on Earth for an unknown number of years. Almost certainly put there long before humanity started
developing civilization. How and why is never really addressed in the film.
While the blood theft is in the movie, its use is radically different. Instead of being
the Martian’s source of sustenance it’s sprayed around as fertilizer for their red
In the flesh, the aliens don’t bear much of a resemblance to the Martians of the book.
Gone is Wells’ belief that if given enough time a highly intelligent race will eventually
evolve away their need for anything other than a brain, eyes and manipulators, leaving
behind what is essentially a very smart blob, replaced with…. These guys. I think Spielberg
wanted to downplay the grotesque and ramp up the intimidation factor but he ended up
with a cheap knock off of the Independence Day chappies and I personally thought they
were kinda lame.
As you undoubtedly noticed, in addition to not naming his lead, Wells had a habit of
not giving away the names of any of the big players in his story, so we heard a lot about
the artilleryman, the curate, my wife and my brother.
This would have been different but not impossible for the film to recreate but I can see why
they didn’t bother.
Everybody gets a name. The protagonist, played by Tom Cruise is called Ray though… that's
probably a bad example because in my experience when Tom Cruise plays a character in a movie
most people will forget his name and just say “oh yeah Tom Cruise’s character.”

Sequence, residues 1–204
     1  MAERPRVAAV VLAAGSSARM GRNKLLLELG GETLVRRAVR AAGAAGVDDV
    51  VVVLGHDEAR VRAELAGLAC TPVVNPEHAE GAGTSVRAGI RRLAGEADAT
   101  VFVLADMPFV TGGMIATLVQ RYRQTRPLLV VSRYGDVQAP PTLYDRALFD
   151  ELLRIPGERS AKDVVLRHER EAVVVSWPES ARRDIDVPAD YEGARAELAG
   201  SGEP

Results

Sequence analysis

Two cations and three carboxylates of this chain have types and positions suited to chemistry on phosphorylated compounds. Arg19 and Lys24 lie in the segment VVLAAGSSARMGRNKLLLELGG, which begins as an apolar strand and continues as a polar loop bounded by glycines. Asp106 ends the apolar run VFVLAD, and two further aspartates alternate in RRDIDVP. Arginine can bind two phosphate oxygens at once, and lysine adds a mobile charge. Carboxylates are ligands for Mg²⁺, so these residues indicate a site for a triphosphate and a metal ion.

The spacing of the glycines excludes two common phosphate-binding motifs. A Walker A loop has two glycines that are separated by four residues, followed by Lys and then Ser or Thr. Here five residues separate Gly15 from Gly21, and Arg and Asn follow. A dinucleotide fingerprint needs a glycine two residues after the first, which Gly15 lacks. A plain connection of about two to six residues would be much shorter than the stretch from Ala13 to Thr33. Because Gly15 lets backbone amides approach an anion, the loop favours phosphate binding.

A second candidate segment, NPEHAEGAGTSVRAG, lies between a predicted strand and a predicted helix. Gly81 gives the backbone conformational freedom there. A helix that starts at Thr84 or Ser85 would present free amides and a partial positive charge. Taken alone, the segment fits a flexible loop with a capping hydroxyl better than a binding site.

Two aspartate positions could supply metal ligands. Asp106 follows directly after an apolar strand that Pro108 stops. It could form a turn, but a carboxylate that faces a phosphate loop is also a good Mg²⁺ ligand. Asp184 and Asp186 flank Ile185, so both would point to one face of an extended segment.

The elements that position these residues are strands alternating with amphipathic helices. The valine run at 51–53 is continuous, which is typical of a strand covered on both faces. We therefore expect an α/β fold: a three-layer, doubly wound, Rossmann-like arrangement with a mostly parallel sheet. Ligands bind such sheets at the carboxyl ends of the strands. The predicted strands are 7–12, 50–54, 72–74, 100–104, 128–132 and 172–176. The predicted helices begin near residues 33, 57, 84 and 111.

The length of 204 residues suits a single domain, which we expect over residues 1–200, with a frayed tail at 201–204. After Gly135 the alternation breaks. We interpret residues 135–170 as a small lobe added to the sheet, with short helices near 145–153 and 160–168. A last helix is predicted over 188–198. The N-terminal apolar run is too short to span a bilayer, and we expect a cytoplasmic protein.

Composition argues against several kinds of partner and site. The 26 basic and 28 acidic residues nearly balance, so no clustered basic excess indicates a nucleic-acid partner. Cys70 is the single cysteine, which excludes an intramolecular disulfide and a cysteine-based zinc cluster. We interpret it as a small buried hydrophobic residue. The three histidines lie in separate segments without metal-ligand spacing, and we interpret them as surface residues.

Ray is a blue collar dock worker, a far cry from the upper class published philosopher
of the book who was so keen to congratulate himself for his intelligence all the time.
As I said there is no great climax to the book. The Martians just drop dead in the final
chapter with zero funfair.
Again though I can kinda see why this wouldn’t fly with the film so they added in the kerfuffle
with Ray personally killing a tripod from within using hand grenades and him noticing
an alien’s shields were down so some soldier boys can kill it with a rocket launcher.
The parallels to a much more popular Spielberg adaptation, Jurassic Park are very strong
here. In both movies Spielberg kept to the premise of the book but added in a massive
fatherhood subplot for the lead that was certainly not there before, in the case of Jurassic
Park because Grant actually liked children and in The War of the Worlds because the lead
was originally childless.
I don’t object to the idea of using the hero's desire to protect his family to drive
the plot, in fact as I said, that's actually kind of book accurate as the lead spent a
lot of time traveling with his wife or thinking about her safety.
However what I do object to is the plot grinding to a halt again and again and again for Spielberg
to spell out to the audience exactly what dysfunction this family is going through at
that particular moment.
After awhile you have to start to wonder if the aliens are being treated as a background
menace to drive the family related plot forward. To much Steven. Too much.
You and me?
I don’t think we’re on the same page.
There’s no battle between the tripods and a naval warship like in the novel so the Thunderchild